While traversing budget cuts, one college works to produce potential teachers.
The Kremen School of Education and Human Development has been fully accredited by the National Council for the Accreditation of Teacher Education since 1953.
Paul Beare, the dean of the Kremen School of Education and Human Development since 2003, said California’s success is important to the country as a whole.
“If we can’t turn around education in the Central Valley and start graduating more kids from high school and send more kids to college we are never going to catch up with the rest of the world,” Beare said.
The Kremen School has felt the brunt of budget cuts. This past fall, it had to limit enrollment and more than 100 students were not allowed to join the program. According to Fresno State’s Institutional Research, Assessment and Planning (IRAP) reports the school awarded 377 undergraduate degrees in the 2008-09 school year compared to 593 in the 2004-05.
Beare said the mission of the school is to develop students’ educational skills creating teachers that have the tools to proficiently shape the young minds of the future.
“We’re more engaged than any other school or college at Fresno State,” Beare said. “We are more engaged in making a difference in the community than any school or college of education that I have ever seen,” Beare said.
The associate dean of the Kremen School, James Marshall, said he is proud of the preparation the school of education gives its students.
“We have a very hands-on approach,” Marshall said. “Our students will be able to hit the ground running [as teachers].”
Marshall also said well-qualified professors and affiliations with local school districts assist students to become superb teachers.
“We have numerous award-winning faculty members,” Marshall said. “Our system is very contemporary. We have developed numerous partnerships with local school districts so our students have a venue with field experience.”
Melissa Penerian has been attending Fresno State for four years and is a blended, dual credential candidate. She already has her degree in liberal studies and is working toward her credentials to become a special education teacher.
“I spend 20 hours a week in a first grade class at an elementary school,” Penerian said. “I teach the students for the first half of the day at Hidalgo Elementary in downtown Fresno.”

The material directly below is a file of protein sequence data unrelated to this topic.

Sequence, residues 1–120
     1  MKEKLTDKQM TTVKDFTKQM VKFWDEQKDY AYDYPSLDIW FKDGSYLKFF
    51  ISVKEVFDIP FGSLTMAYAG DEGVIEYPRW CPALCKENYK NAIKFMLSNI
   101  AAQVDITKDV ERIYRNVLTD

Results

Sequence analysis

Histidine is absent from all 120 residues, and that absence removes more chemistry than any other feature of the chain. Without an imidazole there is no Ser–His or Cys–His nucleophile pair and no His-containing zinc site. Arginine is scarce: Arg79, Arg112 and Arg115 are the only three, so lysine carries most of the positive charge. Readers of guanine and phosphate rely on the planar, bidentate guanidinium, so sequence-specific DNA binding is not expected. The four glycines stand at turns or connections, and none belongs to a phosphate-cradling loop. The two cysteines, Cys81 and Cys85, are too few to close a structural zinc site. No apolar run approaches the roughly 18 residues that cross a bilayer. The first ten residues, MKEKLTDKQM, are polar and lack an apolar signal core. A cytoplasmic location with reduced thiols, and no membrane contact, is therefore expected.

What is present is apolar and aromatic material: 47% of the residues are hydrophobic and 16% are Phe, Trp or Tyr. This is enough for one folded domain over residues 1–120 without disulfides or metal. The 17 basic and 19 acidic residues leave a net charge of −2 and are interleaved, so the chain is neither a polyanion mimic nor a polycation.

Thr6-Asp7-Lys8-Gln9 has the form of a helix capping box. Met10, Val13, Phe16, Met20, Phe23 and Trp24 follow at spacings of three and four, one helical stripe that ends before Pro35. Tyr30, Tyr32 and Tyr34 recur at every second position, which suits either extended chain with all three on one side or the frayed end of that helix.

Penerian said that her education at the Kremen School has put her on the right track to becoming a teacher that can make a positive impact on students.
“They offer wonderful professors with doctorates and field experience who help guide and train us to do whatever we have to do in the classroom,” Penerian said.
In 2008, Fresno State won the Presidential Award for higher education and community service. The award recognizes universities for their commitment to, and achievement in, community service. Beare said the Kremen School has played a very influential role in the Fresno area.
“Our school right now has 29 different projects and partnerships that are trying to improve life in the Valley,” Beare said. “There are 180 kids from McLane High School taking classes here at our building. Those kids have much higher graduation rates than those at McLane [High School] that don’t take classes here.”
Improving education at the earlier grade levels, Beare said, will help rebuild the entire education system in the state.
“If you’re a seventh-grader in California you have a seven or eight percent chance, when you graduate from high school, to be eligible to attend a [California State University] or [University of California] without taking a remediation class,” Beare said. “That is terrible.”
“All of our classes are open,” Beare said. “We could have taken another 100 or 150 more students because we graduate so many.”